When I was five, my parents signed me up for a local T-ball league. I can still remember my black and blue Bo Jackson glove my dad bought for me. At the end of the first game, I remember wondering why the other kids all dove on each other to get the ball, letting the batter score. Now I understand that they did it for fun and they didn’t understand or care about the basics of the game. They also didn’t have a singular goal as a team.
Fast forward twenty-seven years and I’m pitching for my rec softball league team, the Gracie Lou Freebushes, in our league’s championship game. We lost our first game in the playoffs by a few runs, and we had to win the last game. During our huddles we kept reiterating the basics—making smart plays, hitting our cutoffs, waiting for a good pitch, not trying to crush the ball and just get on base, and most importantly, having fun and being good sports. It turned out getting back to the basics helped us win the championship game.
The technology teams at Skyword use an agile framework called Scrum for our projects. As the Scrum Master for my teams, I tend to use a lot of sports team analogies in my coaching examples. Here are two of my favorite analogies.
There is a misconception that agile is just a trend or that it’s just a software team thing, since they were early adopters, and they have funny terms for their work like scrum, sprints, and pigs and chickens.
So what is agile really? Alistair Cockburn, one of the co-creators of the Agile Manifesto, describes the “Heart of Agile” in its simplest form: Collaborate, Deliver, Reflect, Improve. The basics of agile are cross-functional teams (tech, marketing, sales, etc.) working together with customers to deliver a functional product frequently, learning what works and what needs to change, and continuously improving.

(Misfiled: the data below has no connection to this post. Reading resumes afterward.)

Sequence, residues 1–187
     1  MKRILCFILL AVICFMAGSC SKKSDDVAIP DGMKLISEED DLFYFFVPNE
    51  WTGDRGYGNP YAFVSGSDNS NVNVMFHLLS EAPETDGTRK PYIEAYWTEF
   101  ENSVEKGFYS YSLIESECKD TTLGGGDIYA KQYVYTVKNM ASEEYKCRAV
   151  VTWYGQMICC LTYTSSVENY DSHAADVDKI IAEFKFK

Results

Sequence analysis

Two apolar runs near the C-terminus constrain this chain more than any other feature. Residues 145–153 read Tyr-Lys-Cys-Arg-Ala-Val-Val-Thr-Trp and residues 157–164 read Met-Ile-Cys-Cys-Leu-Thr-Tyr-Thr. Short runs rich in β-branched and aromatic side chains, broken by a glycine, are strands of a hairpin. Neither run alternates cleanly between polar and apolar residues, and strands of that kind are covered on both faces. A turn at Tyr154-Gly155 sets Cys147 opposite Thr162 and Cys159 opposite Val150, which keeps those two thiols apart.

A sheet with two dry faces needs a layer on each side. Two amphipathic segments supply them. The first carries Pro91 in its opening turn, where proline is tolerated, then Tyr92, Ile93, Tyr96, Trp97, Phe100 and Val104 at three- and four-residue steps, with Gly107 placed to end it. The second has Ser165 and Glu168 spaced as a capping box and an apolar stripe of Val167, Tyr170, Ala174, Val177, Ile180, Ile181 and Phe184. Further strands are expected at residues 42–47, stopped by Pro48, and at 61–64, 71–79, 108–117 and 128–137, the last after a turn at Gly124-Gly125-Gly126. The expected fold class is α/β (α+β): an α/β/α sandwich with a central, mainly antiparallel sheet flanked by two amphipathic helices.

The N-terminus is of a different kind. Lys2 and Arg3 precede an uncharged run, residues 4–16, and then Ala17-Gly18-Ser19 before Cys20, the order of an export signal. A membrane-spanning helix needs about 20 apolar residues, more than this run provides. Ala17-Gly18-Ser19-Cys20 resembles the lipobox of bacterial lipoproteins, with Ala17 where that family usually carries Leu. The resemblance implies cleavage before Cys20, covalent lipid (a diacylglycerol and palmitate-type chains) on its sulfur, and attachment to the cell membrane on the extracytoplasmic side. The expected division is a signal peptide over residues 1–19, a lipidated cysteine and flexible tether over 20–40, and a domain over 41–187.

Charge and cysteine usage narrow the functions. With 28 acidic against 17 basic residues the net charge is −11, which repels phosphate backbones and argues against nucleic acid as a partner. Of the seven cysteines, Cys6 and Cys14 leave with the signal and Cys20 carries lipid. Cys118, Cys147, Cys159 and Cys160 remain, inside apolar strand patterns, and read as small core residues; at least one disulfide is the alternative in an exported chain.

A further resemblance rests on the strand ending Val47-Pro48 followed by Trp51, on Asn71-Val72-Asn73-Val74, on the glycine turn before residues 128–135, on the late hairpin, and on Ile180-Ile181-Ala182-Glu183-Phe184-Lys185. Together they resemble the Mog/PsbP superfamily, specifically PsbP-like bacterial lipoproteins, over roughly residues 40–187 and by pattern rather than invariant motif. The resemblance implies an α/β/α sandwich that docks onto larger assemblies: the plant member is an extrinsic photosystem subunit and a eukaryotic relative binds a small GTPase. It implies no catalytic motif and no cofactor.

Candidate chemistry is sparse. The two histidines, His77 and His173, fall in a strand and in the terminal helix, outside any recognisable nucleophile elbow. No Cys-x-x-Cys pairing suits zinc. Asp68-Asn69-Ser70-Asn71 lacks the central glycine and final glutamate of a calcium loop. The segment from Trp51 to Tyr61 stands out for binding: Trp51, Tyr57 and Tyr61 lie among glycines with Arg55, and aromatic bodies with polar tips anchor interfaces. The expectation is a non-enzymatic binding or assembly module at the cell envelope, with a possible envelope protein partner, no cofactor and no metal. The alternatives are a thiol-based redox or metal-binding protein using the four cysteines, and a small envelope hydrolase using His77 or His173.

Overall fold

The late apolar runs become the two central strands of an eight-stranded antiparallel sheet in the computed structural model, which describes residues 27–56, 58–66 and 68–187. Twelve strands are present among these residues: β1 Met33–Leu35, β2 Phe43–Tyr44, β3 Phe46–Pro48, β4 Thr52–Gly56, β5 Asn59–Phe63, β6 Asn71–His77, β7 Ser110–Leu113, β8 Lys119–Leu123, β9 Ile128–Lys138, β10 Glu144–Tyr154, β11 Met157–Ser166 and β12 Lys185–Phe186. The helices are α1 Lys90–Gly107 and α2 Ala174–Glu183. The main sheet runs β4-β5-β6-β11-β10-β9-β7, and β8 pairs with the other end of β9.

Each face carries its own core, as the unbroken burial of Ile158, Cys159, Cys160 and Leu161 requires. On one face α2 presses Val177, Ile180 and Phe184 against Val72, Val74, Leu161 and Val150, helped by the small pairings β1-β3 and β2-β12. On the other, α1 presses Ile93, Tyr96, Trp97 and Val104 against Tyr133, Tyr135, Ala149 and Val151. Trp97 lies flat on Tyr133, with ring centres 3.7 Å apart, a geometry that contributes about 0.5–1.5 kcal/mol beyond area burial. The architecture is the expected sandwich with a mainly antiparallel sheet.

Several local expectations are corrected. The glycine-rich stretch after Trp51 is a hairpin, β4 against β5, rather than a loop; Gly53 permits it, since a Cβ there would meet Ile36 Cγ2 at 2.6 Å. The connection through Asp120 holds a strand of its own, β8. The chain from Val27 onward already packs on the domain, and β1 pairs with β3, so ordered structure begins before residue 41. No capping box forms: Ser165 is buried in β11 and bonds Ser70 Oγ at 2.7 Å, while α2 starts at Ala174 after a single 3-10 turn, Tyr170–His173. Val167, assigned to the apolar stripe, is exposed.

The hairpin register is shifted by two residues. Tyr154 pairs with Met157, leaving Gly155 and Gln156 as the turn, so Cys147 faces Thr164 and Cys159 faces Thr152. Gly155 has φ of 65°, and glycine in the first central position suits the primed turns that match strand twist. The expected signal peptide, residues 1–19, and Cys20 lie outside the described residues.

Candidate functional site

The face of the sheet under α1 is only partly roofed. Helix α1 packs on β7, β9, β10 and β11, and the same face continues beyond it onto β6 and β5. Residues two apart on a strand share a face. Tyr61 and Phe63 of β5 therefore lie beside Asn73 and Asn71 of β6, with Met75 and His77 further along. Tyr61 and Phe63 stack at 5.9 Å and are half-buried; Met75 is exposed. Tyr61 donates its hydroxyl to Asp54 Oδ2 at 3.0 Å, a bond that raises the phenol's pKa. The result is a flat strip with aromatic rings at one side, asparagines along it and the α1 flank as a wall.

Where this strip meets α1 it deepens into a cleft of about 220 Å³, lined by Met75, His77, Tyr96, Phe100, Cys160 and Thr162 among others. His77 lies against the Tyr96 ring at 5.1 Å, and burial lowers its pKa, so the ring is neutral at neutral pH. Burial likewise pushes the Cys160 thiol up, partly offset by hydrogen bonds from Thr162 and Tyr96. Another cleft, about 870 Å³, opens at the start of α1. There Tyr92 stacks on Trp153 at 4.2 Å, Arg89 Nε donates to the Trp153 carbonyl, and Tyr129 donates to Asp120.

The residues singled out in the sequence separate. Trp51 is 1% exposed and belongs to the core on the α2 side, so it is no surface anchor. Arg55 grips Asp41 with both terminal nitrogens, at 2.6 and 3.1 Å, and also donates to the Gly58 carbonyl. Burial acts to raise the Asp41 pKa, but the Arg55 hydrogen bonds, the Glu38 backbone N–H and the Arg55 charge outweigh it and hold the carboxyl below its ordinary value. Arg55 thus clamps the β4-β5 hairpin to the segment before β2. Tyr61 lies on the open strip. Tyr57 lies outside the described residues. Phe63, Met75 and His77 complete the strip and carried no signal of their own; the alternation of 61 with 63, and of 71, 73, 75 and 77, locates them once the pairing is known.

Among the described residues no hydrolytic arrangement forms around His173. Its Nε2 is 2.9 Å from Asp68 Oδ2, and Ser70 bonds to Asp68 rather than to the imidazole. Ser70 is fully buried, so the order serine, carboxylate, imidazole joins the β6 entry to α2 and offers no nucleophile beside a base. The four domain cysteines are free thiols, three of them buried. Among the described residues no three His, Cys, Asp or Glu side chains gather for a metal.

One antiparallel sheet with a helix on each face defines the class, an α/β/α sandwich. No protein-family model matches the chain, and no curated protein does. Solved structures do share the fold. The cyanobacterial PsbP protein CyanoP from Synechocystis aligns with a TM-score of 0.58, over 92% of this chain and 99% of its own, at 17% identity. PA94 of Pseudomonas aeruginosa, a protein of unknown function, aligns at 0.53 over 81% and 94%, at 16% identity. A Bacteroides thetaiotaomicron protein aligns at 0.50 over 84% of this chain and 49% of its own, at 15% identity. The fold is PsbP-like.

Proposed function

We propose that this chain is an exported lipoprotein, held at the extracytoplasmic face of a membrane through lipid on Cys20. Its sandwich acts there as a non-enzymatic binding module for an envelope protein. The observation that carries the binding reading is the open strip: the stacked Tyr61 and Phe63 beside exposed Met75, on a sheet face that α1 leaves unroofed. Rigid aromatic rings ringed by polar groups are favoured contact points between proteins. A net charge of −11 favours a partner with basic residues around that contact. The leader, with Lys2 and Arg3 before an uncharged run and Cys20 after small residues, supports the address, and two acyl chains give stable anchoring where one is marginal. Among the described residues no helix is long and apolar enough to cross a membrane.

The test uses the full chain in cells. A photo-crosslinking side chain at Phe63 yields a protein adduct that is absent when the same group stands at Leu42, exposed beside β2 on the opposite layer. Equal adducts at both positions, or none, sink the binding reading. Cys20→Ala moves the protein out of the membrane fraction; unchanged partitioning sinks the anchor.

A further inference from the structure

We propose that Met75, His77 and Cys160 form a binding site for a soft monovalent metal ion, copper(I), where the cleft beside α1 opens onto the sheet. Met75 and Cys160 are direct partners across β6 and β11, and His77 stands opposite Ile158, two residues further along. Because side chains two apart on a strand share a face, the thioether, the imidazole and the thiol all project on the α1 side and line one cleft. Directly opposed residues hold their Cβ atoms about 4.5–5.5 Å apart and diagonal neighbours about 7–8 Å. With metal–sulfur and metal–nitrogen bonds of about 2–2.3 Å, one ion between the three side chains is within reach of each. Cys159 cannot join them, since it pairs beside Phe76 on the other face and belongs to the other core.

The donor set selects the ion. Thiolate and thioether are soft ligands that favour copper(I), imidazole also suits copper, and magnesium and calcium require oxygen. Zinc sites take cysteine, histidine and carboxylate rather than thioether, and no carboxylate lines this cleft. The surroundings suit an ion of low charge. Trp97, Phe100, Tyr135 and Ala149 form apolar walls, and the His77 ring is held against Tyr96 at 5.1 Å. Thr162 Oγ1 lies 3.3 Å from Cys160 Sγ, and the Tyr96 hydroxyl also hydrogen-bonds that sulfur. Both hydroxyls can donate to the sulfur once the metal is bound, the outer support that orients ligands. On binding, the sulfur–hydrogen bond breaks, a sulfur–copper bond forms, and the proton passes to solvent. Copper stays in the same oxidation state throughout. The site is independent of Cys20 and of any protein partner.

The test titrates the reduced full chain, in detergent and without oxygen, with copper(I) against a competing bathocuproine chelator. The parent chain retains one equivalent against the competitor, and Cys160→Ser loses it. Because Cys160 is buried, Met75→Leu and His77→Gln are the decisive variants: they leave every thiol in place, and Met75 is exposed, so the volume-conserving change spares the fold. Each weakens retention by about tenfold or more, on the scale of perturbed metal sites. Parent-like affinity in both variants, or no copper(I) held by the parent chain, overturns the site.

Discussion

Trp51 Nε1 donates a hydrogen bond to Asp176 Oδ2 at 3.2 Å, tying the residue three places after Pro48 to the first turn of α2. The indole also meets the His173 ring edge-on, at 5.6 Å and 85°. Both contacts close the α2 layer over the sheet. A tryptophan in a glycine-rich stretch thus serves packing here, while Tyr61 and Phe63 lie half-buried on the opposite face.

It’s important to remember the last part of the manifesto that states, “While there is value in the items on the right [e.g. processes and tools] we value the items on the left more [e.g. individuals and interactions].” Even though creating working software is listed, this mindset can be applied to any industry. Jeff Sutherland, one of the co-creators of the Agile Manifesto and Scrum, co-wrote an article in Harvard Business Review that explains why and how teams outside of technology are changing the ways they work to meet the demands of their industries. Sutherland then breaks down the basics of Scrum, one of the more popular agile frameworks:
In March of this year, I had the opportunity to attend a Product Owner course taught at Jeff Sutherland’s company, Scrum Inc., in Boston. What I enjoyed about the class was revisiting the simplicity of Scrum. I took away so much actionable information from the instructors and learned how Scrum Inc. has taught companies ranging from pharmaceutical to manufacturing to fashion to change the way they work, not only helping their companies’ bottom lines but improving the morale of their teams.
At the training, I received a copy of Sutherland’s book, Scrum: The Art of Doing Twice the Work in Half the Time, where he provides even more examples of how Scrum can be beneficial for any team. One particular example was the story of NPR struggling to cover the Egyptian revolution in Cairo in 2011. The team of journalists and producers weren’t able to keep up with their assignments and were failing to meet demands from their higher-ups.
Sutherland goes on to describe how his son, J. J. Sutherland, who also works at Scrum Inc. and has a background as a war producer and correspondent, was sent in to help the NPR team.
Jeff Sutherland says, “One of the key concepts in Scrum is that the team members decide themselves how they’re going to do the work. It’s management’s responsibility to set the strategic goals, but it’s the team’s job to decide how to reach those goals.”